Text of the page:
It’s not funny, sorry for that, but sometimes I have to laugh about this.
He was looking next to him [and saw] that even his penis was [torn to] pieces, and he was thinking, “Oh my God, how could this penis have sex again? It is not possible!” And so he came to himself; he ran away to Turkey. This is a Kurdish-Muslim young boy.
And he told [me], “Sister, I am still a Muslim. I don’t want to say I belong to another faith because I don’t know another faith, but I don’t believe anything in Islam; it is only lies from bottom to top. And they blow our heads so much that we believed [all this] 100%. But now I came to know that everything is a lie. If I tell you what I hear — lying, now that I know is lying — three months, [it] would not be finished, day and night, if I [were to] tell you.
See, these people, they believe in sexual life after death. And the gents, they are thirsty to go soon to do something, to kill the unbeliever, to go to this area [paradise]. It’s — I understand them from one side.
Q: Of course.
A: I understand them.
Q: But — they want to have fun at some point…
A: Yes. That is horrible, but it is reality.
Q: Now we come to a very difficult part, because we know that you work as a counselor, especially for distressed Christian girls. And I’m sure you’ve heard a lot of stories. Would you share some of the stories you hear from these distressed girls?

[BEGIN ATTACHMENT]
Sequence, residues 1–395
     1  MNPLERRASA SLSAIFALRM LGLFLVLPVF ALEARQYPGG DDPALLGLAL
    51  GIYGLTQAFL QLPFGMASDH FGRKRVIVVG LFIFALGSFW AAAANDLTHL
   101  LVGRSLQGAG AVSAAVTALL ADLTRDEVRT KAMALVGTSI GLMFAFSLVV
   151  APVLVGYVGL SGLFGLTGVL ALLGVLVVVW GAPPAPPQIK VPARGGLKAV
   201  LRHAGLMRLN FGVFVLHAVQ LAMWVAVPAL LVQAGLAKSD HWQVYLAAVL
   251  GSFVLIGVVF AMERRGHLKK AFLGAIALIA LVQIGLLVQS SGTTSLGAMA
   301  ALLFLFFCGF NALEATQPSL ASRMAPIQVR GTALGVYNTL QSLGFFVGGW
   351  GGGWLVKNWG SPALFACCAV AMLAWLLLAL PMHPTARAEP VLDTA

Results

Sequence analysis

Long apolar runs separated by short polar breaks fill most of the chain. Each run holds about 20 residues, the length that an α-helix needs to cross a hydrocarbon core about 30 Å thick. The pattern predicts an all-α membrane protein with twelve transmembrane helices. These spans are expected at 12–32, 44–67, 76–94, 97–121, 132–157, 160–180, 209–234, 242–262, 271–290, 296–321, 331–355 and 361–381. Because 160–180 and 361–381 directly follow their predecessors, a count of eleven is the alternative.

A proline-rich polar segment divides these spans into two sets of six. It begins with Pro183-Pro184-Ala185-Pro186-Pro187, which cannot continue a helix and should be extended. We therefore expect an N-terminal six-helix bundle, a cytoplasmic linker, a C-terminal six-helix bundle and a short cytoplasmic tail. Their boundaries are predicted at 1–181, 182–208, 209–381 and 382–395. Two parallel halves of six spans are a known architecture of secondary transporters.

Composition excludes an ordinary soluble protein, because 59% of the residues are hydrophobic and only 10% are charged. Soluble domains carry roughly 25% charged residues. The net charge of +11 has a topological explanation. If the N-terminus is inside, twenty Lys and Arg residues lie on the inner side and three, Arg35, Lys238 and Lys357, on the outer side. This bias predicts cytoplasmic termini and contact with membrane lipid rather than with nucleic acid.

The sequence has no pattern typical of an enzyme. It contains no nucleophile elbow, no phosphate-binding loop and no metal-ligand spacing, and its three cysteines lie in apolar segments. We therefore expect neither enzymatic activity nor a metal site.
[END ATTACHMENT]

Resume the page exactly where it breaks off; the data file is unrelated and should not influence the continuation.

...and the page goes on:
A: See, I myself, I am a refugee. I fled from southeast Turkey under the hard persecution. I am a Christian. I know the language of […] Christians, I know the mind of the people in that location, in the Middle East, totally.
And I was thinking how I heard that there is again ethnic cleansing of other Christians. I could not stay in Germany, sit on the couch and wait for some information. I thought I had to go there personally because I know [what it is like there]. I went there and I feel it is my duty.
Even — I am guiding a foundation, in 35 countries, over 5,000 volunteers workers with me. Our mission is according to Matthew 25:40: [When you are] serving the needy, you are serving me. But, [in] 2005, I heard about the disaster there. I [said], “OK, my main work is the persecution of the Christians in the Middle East. That is why I am there also. And I went there personally. I met so many people.